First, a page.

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Will B.C. Elect John Kerry?

More Americans live in Canada than in Wyoming. Democrats, stung by their razor thin defeat last time, say every B.C. vote counts.

Scott Deveau 20 Aug
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Diana Kerry's round up this week through Western Canada confirmed one of our worst fears; that we are indeed the 51st state - or at least when it comes to the federal election we are.

With an estimated 600,000 American expatriates living north of the 49th, Canada has a higher population of Americans living within its borders than either the District of Columbia or Wyoming.  Which explains why John Kerry's younger sister has been making the rounds addressing hundreds of Democratic supporters in Calgary and Vancouver this week to try and drum up support for her brother's run for presidency. 

"We learned in the last federal election every vote is really important and this is a very close race in more states than just Florida," Diana Kerry said in an interview with The Tyee yesterday before her appearance at the Roundhouse Community Arts Centre in Vancouver.

"One of the things that is generally true about a lot of American voters is that we're a little bit apathetic.  We don't have a great of turn out in the United States itself.  So, we're working very hard to increase the number of registered voters in the United States and we're working very hard to make sure we get out the vote outside of the country."

Kerry has been through Mexico earlier this month, and will be headed to Central and South America before heading to England to target pockets of U.S. expat populations. "I personally am, of course, very committed to my brother as the leader the country needs right now in these challenging times and I think he's going to make a great president.  I also think that a lot of people are very energized by what they see in the current policies of which they are not in favour of and I think also that there is a lot of feeling that the election was frustratingly close last time and we want to make sure that it doesn't happen again."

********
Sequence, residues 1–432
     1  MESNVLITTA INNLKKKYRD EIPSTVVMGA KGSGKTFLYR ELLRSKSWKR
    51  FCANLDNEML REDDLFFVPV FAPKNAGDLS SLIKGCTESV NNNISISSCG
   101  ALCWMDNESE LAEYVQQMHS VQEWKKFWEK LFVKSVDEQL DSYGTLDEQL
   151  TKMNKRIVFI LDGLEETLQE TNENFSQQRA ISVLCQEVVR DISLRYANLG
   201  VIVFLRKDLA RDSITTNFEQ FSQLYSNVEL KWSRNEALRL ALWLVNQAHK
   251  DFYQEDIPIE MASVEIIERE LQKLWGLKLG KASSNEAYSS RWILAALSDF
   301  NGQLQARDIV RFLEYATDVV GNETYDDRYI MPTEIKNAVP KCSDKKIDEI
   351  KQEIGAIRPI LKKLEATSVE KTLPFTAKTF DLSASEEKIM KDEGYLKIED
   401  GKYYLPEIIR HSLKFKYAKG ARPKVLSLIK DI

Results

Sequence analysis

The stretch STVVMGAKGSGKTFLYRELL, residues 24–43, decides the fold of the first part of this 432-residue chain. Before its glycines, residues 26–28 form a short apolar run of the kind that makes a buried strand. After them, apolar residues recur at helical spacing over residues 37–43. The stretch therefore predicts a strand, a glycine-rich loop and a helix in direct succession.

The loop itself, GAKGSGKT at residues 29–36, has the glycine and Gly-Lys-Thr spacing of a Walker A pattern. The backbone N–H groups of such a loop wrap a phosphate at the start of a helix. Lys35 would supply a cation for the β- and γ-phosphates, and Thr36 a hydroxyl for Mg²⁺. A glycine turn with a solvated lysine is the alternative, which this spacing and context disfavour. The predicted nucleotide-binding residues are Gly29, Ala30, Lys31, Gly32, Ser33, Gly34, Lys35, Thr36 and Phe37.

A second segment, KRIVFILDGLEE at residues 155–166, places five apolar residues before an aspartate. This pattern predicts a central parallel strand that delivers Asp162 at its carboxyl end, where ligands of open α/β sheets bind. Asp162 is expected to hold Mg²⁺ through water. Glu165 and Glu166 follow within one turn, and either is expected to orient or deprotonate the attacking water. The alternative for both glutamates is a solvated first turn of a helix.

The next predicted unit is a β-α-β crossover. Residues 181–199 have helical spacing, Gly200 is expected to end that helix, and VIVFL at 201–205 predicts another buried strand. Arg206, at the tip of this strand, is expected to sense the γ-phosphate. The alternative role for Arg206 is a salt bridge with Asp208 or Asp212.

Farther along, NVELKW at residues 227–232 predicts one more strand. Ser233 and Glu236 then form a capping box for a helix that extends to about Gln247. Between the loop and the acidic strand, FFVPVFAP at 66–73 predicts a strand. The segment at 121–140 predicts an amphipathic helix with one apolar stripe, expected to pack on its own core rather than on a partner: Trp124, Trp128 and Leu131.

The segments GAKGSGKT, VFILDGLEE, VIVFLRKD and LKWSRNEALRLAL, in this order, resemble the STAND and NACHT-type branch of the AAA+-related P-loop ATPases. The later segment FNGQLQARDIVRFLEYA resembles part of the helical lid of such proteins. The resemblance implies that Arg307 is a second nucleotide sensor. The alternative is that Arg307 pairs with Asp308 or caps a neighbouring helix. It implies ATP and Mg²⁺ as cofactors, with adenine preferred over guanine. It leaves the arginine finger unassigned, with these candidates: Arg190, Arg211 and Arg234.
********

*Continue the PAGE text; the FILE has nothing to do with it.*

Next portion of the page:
Millions of Americans overseas

The organizations rounding up B.C.'s draft dodgers and immigrants have been working since the election started.  Both the Republicans and Democrats have been collecting those who have left for love, money, cheap prescriptions, and Canada's comparatively more liberal ideals.

BC Stats estimates nearly 60,000 US expats live in the province. An officer with the U.S. consulate general in Vancouver puts the number much higher: an estimated 250,000 Americans living in B.C. and the Yukon, with the vast majority of that total living in B.C. There are at least 5 million U.S. citizens living overseas, according to U.S. State Department figures based on two or three years ago, Diana Kerry said.

Playing to Canada's internationalism

John Kerry appreciates Canada and knows that Canada is the most important trade partner of the United States, Diana Kerry told The Tyee. "He's going to work together with other nations, especially with our neighbours," said the candidate's sister, who spoke to about 200 people who filled a room at the Roundhouse Community Arts Centre in Yaletown.